D. Denenge Duyst-Akpem Teaches Sci-Fi and Survival

Octavia Butler survival pack in progress by Delaney Eubanks. Image courtesy of the "Chicago Tribune"

Adjunct Assistant Professor of Art History, Theory, and Criticism, D. Denenge Duyst-Akpem (MFA 2004) uses Octavia Butler’s book Parable of the Sower as the basis for a fall 2018 professional practices class titled, Take Root Among the Stars: The Legacy of Octavia Butler, Surviving the 21st Century & Beyond. The course was designed and inspired by Butler and the themes of of climate change, wealth inequality, drugs, war, and water shortages present in her work.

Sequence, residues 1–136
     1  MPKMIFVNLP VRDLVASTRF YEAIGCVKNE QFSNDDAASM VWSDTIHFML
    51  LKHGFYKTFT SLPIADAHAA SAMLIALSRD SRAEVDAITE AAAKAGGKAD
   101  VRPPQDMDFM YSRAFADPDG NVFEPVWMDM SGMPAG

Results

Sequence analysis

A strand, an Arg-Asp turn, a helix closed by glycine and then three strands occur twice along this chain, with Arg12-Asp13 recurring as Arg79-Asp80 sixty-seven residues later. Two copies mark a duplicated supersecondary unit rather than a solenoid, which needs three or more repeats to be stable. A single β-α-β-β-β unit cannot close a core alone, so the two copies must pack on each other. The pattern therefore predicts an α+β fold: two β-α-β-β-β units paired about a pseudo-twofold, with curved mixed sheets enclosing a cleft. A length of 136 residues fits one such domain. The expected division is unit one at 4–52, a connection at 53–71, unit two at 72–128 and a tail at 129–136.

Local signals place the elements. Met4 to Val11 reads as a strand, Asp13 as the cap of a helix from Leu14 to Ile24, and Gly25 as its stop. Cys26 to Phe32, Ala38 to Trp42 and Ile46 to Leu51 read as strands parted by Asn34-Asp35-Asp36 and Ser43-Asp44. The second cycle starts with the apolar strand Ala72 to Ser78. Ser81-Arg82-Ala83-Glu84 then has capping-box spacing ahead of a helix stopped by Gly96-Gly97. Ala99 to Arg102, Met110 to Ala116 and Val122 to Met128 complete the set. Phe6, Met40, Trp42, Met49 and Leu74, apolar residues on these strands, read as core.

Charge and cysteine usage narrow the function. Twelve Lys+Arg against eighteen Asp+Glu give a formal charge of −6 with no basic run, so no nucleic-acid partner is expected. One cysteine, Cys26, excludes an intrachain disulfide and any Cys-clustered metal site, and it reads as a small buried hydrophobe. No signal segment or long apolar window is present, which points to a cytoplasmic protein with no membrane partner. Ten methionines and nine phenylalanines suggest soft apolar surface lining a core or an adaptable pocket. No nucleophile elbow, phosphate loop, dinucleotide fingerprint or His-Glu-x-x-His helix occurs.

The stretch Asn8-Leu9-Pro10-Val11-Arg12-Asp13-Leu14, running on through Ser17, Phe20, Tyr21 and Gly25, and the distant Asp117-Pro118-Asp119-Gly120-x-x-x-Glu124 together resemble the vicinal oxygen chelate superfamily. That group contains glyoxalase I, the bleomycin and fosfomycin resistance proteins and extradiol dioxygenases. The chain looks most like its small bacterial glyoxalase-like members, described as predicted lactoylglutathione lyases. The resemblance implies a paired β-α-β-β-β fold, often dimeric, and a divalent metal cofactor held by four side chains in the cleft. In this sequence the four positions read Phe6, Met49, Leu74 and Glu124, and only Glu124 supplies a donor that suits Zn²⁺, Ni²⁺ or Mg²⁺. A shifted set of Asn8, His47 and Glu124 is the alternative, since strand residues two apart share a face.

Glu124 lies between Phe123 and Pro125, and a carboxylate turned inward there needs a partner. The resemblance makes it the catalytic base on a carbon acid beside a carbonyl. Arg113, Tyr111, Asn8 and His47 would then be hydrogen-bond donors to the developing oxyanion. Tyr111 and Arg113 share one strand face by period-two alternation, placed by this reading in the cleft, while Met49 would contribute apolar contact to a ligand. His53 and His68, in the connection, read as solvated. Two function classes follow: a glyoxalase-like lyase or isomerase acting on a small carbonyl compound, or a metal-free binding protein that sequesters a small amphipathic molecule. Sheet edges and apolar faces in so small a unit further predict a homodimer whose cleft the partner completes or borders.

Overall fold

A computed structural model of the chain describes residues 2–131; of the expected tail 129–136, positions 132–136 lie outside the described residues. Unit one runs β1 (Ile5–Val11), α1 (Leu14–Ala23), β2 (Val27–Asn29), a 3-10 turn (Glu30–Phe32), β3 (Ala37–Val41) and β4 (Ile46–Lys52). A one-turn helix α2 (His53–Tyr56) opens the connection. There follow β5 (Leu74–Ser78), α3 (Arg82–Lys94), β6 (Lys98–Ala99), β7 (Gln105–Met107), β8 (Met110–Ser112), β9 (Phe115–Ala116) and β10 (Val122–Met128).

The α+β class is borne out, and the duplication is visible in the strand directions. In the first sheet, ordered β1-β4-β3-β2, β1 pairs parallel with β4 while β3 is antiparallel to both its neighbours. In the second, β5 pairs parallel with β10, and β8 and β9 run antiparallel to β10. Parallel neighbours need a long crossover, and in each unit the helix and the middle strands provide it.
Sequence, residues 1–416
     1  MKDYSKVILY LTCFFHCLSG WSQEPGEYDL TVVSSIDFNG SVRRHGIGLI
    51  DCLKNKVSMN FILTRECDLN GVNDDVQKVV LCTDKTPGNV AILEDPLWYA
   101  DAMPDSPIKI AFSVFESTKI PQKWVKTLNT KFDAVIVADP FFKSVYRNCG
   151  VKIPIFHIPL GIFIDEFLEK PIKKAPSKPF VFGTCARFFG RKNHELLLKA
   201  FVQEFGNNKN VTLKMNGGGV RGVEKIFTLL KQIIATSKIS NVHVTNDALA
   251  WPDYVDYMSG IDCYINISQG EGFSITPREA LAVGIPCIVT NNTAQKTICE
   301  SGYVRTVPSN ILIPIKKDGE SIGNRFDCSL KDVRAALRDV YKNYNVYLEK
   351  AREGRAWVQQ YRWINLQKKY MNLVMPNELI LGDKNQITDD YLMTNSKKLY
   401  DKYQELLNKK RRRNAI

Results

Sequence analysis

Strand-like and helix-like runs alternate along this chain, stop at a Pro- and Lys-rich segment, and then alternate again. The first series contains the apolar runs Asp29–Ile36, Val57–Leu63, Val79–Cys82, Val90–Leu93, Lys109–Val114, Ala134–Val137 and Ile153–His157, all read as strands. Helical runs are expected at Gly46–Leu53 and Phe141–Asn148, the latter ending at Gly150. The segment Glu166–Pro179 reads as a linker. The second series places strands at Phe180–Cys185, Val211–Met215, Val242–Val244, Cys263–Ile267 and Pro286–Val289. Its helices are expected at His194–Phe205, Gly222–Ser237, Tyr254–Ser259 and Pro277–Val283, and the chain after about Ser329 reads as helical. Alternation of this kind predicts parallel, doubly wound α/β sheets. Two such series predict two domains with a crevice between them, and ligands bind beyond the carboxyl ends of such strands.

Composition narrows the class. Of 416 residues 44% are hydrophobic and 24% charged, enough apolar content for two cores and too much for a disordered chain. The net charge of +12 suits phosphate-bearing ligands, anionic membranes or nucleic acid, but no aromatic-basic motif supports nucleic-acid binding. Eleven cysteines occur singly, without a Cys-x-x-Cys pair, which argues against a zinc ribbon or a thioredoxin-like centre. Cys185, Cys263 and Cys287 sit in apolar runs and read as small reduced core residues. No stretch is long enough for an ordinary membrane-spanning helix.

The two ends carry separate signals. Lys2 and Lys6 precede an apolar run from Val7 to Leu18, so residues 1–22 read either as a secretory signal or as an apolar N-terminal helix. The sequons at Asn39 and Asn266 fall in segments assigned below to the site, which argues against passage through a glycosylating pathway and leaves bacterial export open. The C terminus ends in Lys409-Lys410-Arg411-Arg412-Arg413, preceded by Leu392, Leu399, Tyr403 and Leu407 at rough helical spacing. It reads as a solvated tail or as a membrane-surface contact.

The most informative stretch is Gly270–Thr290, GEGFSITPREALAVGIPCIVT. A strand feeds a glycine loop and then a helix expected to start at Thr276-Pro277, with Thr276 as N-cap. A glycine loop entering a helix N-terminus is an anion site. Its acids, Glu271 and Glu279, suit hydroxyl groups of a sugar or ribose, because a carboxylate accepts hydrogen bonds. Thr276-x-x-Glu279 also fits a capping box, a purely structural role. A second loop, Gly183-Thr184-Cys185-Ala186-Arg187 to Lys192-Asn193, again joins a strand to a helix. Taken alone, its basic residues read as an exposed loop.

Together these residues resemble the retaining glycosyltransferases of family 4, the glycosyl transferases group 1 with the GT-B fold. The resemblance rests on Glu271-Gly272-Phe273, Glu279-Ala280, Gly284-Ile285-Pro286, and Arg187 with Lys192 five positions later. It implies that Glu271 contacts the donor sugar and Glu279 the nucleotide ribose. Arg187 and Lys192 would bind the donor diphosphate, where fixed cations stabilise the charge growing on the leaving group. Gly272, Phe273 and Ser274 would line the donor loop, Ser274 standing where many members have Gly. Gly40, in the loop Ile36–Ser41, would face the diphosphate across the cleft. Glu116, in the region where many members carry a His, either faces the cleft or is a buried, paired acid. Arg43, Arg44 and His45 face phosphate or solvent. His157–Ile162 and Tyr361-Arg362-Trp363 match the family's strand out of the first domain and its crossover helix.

Students in Duyst-Akpem’s class were tasked with creating “go packs” that they then filled with objects and items they would take with them for survival. The packs ranged from practical to more conceptual with some students including maps or poems and others including soft, comforting items or culturally significant ones. These packs were placed on display during a pop-up exhibit on December 12 called Take Root Among the Stars and will remain on display in the sixth floor library cases at the John M. Flaxman Library through January 26. “What I hope students and visitors gain in experiencing the exhibition is how we engage Butler’s work in the creation of our own and how we can feel powerful in building those visionary muscles,” Duyst-Akpem told the Chicago Tribune. Duyst-Akpem designed the course a way to celebrate the work of Octavia Butler and apply it to the lives of students who developed their packs as a means of investigating survival and the ability to thrive in difficult circumstances. Duyst-Akpem said she chose to work with Butler’s fiction because it shows readers how to use imagination and science-fiction to reconstruct their own realities.